2. Does every device have up to date antivirus protection, and
3. Are all user accounts secure from hacking attempts?
He believes 95 percent of companies answering those questions wouldn’t be able to say yes. While securing information technology on any scale isn’t easy, it has to include 100 percent coverage to be effective.
“It’s all or nothing,” Franks said. “If you have 6,000 devices and 5,999 are secured, patched and covered, all it takes is that one.”
Inadvertently losing control of multifamily data security
Recent international hacking incidents have raised awareness about the impact of a security breach.
Franks says that any device that accesses company data should have updated antivirus protection as well as sound identity and access management policies. Companies and their staff share information publicly to some who may not have protection. Also, properties will entrust employees to bring their own devices into the network unbeknownst to the risk. Every time an unprotected device accesses data at the corporate level the business is put at risk.
The need for proper protection has become more critical because it’s easier to purchase devices just about anywhere. It’s easy to string together an IT network of varying types of devices in a matter of hours from multiple sources. Over time, the network becomes difficult to manage.
“What they don’t realize is that these properties are accessing company data, they have access to the files,” Franks said. “Even though the properties are separate from the corporate office, they still access the business resources and put them at risk.”
RealPage Senior Vice President Chris Cranfill has seen first-hand how multifamily companies inadvertently lose control of their IT security because of lack of attention at the on-site level. Outsourcing to a managed IT provider can help.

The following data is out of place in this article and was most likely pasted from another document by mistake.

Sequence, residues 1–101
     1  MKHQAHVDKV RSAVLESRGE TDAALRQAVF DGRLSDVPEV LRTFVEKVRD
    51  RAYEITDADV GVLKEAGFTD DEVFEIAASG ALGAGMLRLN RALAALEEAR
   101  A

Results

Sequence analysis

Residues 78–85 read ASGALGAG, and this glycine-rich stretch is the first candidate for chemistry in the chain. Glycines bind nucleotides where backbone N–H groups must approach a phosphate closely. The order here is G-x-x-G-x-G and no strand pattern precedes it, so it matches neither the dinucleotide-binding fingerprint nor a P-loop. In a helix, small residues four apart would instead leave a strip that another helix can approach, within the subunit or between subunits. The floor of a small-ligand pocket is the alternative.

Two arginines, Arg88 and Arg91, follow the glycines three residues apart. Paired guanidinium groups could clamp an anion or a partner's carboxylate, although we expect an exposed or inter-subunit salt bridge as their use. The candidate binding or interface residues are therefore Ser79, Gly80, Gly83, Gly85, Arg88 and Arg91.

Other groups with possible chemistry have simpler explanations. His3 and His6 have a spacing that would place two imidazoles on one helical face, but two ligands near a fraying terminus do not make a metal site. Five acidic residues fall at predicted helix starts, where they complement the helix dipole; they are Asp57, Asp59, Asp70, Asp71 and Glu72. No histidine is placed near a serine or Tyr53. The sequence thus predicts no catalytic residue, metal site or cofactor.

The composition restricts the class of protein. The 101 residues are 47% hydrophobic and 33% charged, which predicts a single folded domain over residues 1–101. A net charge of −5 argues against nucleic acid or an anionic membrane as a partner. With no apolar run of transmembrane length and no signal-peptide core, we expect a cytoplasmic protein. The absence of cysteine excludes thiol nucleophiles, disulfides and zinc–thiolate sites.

“You need to have a trusted source that can do this for you,” he said. “If you keep doing point of purchase then you’ll continue with this hodge-podge network that will perpetuate the problem, and a lot of these folks do that. They let the properties do their own purchasing, let them buy their own machines and it becomes a nightmare.”
Providing antivirus and security protection with outsourced IT services
RealPage, Inc., is working with multifamily clients to provide antivirus and security protection while supporting Microsoft’s M365 and Enterprise Mobility + Security solutions with comprehensive, cost-effective outsourced IT solutions.
One way devices are being protected is through a mobile app that provides a security code when accessing a username and password.
“Even if someone gets to your password they don’t have that code and your account is still secure,” Franks said. “You have security code from your phone, similar if you log into your bank they will text you a code.”
While intentions may be innocent, accessing business data has become a chancy proposition. Multifamily companies can benefit significantly by putting all the protections in place to avoid a data breach that could devastate their bottom line. A great way to do this is through outsourcing IT to a trusted partner with proven expertise.
After all, says Franks, the world is not slowing down for anyone.